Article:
A Battle Between the City and the CTU


Annie Hallinan

Lake View High School, a CPS neighborhood school, on the morning of January 13, 2022.

By Annie Hallinan, Latin School of Chicago

While the city of Chicago and the Chicago Teachers Union (CTU) argue over working conditions in schools amid the COVID pandemic, more than 330,000 Chicago Public School students lost five days of school earlier this month due to the most recent conflict.

On January 4, the CTU voted on whether to return to school amid the uptick in Omicron cases. The results were heavily in favor of transitioning back to a remote-learning model, with 88 percent of the 632 union delegates in favor of working remotely. In response, CPS canceled classes and locked teachers out of their Google Classrooms, preventing them from teaching online. CPS has yet to announce whether these days will be made up at the end of the school year.

The primary point of contention is health and safety during the pandemic. Chicago Mayor Lori Lightfoot insisted that it was safe for the teachers to continue instruction in person, as they were before the New Year. However, the CTU disagreed with the city, sparking friction and a further delay of a return-to-school plan.

Upper School history teacher Stephanie Stephens, who has two children at two different CPS schools, said she needed to figure out how to continue teaching at Latin while her kids’ schools were out of session. “I was able to teach remotely Wednesday through Friday,” she said. “I reached out to my neighbors, friends, and family to find coverage.” In addition, Ms. Stephens noted, “My kids were also feeling stress from the uncertainty of the situation.” Now, they are glad that classes have resumed.

Former Latin student Fiona O’Toole, a sophomore at Walter Payton College Preparatory School, felt similarly. “Most people I know side with CPS,” Fiona said while the teachers still refused to come in-person, “but everyone’s stressed about finals and AP exams, and sports are canceled, which is so frustrating because other teams get to practice.” With regard to a decision on returning to school, she said they “came out at 11 p.m., which was so stressful.”

The CTU argued that school is not a safe environment for teachers or students amid the Omicron variant wave of the COVID pandemic. Realistically, as COVID cases continue to rise in Chicago, students will have to follow the Centers for Disease Control and Prevention’s (CDC) indoor regulations, regardless of their vaccination status. But following the protocols set in place by the CDC may not be enough; CPS will need time to develop additional protection measures that members of the CTU and the city can mutually agree on to safely run school in-person.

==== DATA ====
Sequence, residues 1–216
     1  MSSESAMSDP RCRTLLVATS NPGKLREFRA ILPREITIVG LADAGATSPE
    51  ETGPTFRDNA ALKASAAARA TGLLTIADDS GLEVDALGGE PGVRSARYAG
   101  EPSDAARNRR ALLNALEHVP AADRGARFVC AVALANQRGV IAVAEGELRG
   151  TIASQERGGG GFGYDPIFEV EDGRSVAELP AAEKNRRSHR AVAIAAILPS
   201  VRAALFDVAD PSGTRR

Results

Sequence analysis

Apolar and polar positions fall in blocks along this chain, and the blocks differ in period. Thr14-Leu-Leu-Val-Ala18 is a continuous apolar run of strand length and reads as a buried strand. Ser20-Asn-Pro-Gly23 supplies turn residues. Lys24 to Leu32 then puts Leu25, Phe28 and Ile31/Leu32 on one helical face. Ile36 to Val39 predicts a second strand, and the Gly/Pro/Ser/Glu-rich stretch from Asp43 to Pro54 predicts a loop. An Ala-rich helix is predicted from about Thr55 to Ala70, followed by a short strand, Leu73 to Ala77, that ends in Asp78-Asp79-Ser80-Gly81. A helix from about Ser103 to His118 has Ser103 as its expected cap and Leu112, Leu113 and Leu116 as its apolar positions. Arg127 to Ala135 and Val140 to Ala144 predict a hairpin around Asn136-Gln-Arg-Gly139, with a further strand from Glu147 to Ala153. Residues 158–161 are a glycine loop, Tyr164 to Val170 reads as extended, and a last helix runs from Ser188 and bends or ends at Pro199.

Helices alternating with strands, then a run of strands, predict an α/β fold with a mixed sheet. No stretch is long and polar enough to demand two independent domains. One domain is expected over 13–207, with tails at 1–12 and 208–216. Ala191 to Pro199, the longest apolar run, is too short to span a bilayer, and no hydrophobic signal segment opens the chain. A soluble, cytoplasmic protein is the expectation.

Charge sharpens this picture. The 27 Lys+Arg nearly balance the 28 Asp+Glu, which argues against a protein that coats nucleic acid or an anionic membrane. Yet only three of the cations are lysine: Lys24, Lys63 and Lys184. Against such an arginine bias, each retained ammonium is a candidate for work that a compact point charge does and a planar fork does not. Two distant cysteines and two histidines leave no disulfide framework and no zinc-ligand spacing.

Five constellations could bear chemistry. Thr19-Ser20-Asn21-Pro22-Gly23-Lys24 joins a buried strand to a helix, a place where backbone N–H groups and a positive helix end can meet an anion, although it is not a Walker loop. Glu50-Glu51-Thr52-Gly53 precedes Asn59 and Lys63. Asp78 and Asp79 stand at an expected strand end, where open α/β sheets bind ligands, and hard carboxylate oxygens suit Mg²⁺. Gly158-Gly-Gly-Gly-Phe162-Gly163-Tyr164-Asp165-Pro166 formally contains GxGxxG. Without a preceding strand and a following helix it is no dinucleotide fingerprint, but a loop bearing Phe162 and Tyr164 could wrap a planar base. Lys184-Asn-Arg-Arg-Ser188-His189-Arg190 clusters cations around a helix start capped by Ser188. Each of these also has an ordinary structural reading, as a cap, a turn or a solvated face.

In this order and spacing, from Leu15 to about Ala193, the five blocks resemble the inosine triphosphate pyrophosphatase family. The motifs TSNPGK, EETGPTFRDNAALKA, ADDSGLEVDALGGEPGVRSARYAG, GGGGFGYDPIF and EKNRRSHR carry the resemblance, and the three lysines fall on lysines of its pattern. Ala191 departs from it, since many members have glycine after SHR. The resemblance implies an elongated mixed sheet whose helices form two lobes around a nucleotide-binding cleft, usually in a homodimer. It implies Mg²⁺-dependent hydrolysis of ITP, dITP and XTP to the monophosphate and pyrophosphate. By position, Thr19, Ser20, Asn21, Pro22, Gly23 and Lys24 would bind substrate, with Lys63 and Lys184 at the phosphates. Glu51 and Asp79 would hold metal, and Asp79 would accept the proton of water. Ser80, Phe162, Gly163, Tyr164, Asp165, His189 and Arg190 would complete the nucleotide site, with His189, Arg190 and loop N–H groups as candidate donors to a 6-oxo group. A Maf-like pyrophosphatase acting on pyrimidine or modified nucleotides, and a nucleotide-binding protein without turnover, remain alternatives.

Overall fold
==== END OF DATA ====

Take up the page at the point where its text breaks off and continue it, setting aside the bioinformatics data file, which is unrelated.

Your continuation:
More recently, the union delegates voted to suspend their labor action, with 63 percent in favor of returning to school, after gaining some concessions on safety measures including expanded COVID testing and specific guidelines on when a school would temporarily shift to remote learning.

This is not the first time the city and the CTU have been at loggerheads. In 2019, the teachers went on strike while they negotiated new working terms with the city. That strike lasted 14 days. Again, in 2020, the union demanded a remote start to the school year, while Mayor Lightfoot proposed a hybrid model. She settled with the union to avoid a school closure as long and relentless as those of 2012, 2015, and 2019.

The CTU’s actions come as CPS continues to lose students. Since the beginning of the COVID pandemic, CPS has lost 25,000 students. When students and families leave CPS, education options include writing a hefty check to either a parochial or private school in the city, or moving to the suburbs for a wider range of high schools to choose from.

Some CPS students, in particular, the Chicago Public Schools Radical Youth Alliance, sided with the CTU and disagreed with the decision made by the city to return to in-person learning. On January 14, they took matters into their own hands. More than 1,000 students citywide walked out of school at 12:30 p.m to protest the plan to return to school in-person learning.

Latin senior Mia Wolniak spoke about her experience as a middle schooler at Lane Technical Academic Center from seventh to eighth grade. When there was a strike, “classes stopped completely,” she said. Mia mentioned that her mom, Sheri Snopek, worked in CPS for 22 years before coming to Latin. “We spent a lot of time participating in the demonstrations,” Mia added. “Bureaucracy is complicated, and it’s especially important to better understand why public school teachers strike.”

This story was originally published on The Forum on January 18, 2022.